conference put it: “In an age where 5 million people are newly infected each
year, and women and girls too often do not even have the
choice to abstain, an ‘abstinence until marriage’ program is
not only irresponsible but is really inhumane.”

Internationally, the Bush administration mandated that
one-third of funds devoted to sex education in its $15
billion initiative must go toward programs advocating
abstinence. Nationally, as the New York Times
recently reported, groups rejecting White House’s abstinence
gospel are coming under unprecedented political pressure — seeing
their funding reviewed or cut. As James Wagoner, the president of Advocates for
told the New York Times: “For 20 years,
it was about health and science, and now we have a political,
ideological approach. Never have we experienced a climate of
intimidation and censorship as we have today.”

Only around
10 percent
of the 38 million people carrying HIV/AIDS
are receiving the drugs they need and the W.H.O. is behind
on its goal to provide the medication to
3 million people in developing countries
by 2005. The
Bush administration has balked at funding for generics,
arguing that more testing is needed to prove their
effectiveness, perpetuating the near-monopoly of Western
drug companies whose products are prohibitively costly to
most outside the West. A recent study overseen by the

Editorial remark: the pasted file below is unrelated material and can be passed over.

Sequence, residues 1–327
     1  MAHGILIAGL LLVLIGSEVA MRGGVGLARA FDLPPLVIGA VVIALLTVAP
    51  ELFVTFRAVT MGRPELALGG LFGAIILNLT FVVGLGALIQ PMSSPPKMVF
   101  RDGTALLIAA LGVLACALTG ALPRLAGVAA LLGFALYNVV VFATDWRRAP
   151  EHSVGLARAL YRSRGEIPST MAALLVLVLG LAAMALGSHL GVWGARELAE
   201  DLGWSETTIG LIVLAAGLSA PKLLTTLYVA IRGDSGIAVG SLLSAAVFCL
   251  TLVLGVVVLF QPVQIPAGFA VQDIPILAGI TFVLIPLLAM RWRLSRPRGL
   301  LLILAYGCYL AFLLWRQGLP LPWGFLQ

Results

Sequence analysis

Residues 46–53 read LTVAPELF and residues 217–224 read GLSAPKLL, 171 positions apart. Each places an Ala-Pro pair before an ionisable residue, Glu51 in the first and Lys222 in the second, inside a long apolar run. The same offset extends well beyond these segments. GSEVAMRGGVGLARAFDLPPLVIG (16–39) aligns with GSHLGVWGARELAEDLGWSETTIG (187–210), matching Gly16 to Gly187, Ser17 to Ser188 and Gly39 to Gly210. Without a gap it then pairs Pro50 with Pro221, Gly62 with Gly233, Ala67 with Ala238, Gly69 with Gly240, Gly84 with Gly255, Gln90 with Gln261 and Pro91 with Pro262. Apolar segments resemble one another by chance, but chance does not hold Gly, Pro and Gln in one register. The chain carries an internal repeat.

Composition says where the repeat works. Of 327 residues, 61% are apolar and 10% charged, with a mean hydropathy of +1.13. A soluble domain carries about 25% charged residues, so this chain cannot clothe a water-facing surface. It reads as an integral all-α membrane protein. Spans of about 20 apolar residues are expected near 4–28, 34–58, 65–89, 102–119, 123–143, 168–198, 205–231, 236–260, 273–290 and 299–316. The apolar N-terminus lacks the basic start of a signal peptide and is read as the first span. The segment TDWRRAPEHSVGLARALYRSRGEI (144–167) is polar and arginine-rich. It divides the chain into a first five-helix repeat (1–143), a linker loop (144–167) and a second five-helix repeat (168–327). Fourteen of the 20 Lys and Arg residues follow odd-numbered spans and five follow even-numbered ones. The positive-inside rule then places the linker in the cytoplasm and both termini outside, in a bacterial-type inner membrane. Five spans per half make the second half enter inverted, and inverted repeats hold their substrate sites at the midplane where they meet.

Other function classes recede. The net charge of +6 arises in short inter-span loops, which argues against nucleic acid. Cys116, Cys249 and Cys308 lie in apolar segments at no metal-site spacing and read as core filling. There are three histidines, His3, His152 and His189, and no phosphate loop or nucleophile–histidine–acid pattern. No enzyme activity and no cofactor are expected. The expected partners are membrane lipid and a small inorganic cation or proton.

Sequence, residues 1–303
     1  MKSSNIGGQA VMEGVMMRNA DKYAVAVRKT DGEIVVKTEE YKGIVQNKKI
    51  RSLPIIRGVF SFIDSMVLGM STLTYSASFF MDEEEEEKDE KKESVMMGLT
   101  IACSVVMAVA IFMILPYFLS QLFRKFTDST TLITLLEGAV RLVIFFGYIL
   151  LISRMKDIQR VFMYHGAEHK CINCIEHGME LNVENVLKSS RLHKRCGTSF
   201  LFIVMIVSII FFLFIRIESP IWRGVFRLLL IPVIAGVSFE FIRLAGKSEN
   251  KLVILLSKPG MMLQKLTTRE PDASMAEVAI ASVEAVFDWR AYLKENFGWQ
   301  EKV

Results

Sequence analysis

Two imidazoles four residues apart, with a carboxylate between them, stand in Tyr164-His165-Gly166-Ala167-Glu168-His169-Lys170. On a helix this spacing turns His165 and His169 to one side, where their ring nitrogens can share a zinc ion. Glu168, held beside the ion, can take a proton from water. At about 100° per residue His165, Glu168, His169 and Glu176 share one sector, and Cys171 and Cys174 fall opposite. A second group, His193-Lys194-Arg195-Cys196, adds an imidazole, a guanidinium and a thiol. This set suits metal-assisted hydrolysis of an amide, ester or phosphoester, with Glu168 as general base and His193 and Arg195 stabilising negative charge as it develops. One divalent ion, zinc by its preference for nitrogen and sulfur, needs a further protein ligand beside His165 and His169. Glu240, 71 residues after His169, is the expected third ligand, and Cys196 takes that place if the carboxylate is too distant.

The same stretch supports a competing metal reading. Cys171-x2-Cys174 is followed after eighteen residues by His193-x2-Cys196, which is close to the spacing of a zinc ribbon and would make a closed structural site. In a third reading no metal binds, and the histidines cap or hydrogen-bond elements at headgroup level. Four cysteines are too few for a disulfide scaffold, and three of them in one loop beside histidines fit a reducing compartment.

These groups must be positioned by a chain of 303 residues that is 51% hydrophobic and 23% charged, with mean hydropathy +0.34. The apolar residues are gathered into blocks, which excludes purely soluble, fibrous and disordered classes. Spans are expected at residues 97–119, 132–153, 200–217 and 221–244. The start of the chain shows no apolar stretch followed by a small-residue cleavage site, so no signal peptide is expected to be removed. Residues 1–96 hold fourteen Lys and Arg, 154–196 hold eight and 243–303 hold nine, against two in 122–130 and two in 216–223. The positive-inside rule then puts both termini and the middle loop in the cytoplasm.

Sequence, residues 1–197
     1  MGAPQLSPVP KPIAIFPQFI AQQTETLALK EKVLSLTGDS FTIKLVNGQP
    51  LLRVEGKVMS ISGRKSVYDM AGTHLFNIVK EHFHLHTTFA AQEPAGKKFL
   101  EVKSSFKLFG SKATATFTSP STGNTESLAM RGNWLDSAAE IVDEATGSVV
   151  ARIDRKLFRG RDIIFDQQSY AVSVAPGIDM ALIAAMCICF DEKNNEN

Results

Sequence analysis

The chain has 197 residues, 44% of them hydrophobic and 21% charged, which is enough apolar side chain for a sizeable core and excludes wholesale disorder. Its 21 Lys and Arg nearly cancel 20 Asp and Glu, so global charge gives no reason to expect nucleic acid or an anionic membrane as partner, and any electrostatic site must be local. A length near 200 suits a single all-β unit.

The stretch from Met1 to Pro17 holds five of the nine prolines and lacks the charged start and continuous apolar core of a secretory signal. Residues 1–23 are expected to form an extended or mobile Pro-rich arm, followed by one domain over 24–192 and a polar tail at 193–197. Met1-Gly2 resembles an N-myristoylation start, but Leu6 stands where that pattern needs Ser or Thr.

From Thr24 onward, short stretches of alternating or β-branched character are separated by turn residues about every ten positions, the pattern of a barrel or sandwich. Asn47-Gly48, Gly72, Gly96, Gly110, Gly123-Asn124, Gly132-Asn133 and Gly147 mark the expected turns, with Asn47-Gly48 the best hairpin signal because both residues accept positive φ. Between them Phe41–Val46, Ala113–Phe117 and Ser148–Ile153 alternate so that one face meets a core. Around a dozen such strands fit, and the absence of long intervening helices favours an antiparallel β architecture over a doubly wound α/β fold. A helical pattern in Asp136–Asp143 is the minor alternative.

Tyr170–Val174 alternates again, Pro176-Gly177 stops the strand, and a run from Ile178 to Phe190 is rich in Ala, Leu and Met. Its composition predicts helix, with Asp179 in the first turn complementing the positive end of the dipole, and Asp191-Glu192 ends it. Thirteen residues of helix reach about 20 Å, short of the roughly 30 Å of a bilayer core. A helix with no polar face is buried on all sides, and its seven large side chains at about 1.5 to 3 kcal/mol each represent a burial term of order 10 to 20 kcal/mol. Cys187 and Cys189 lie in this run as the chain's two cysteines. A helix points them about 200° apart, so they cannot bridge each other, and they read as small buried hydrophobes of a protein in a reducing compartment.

French National Agency for Research on AIDS, however,
supported the W.H.O.’s argument that the

generics are just as effective
as their costlier,
Western counterparts.

The findings bolster the case for the April deal reached

President Bill Clinton
which will make generic drugs
available for millions of HIV/AIDS patients in 122 countries
served by the Global Fund to Fight AIDS, Tuberculosis and
Malaria. In an initiative co-sponsored by the Global Fund,
the World Bank, UNICEF and the Clinton Foundation, Indian
and South African companies will supply the medicines at
one-third the price of the cheapest ones available in the
West, while U.S. companies will provide diagnostic tests at
one-fifth the market price.

Scientific findings affirming the safety and
effectiveness of generic antiretroviral drugs will, one hopes,
persuade the Bush administration to use its allocated AIDS
funding to provide medication to as many of those who need
it. (However, if the recent past is any indication, this is a slim hope.)

Meanwhile, several trade agreements on the verge of being
sealed, will make it harder for HIV/AIDS patients in the
U.S. to receive affordable treatment. Under a bill currently
in Congress, Australian drug manufacturers won’t be able to
ship their products into the U.S. — so much for free and
fair trade. As for HIV/AIDS patients in developing
countries, as the
Wall Street Journal
recently reported:

“As public-health groups urge wider use of
generic drugs to lower the cost of treating AIDS and other
diseases in developing countries, U.S. trade negotiators —
prodded by the drug industry — are taking the opposite
stance in new trade pacts, seeking to strengthen protections
for costlier brand-name drugs.

In many countries, including the U.S.,
makers of generic drugs often can win approval simply by
proving that their products are equivalent to the original
drugs. But the key provision sought by the U.S. in new
agreements restricts trading partners from approving for
five years a generic-drug application if it relies on test
data compiled by the original drug’s manufacturer. In
essence, that grants branded drug-makers temporary
exclusivity, already available inside the U.S.

The goal is to shore up new global
protections for U.S. drug makers in other countries.”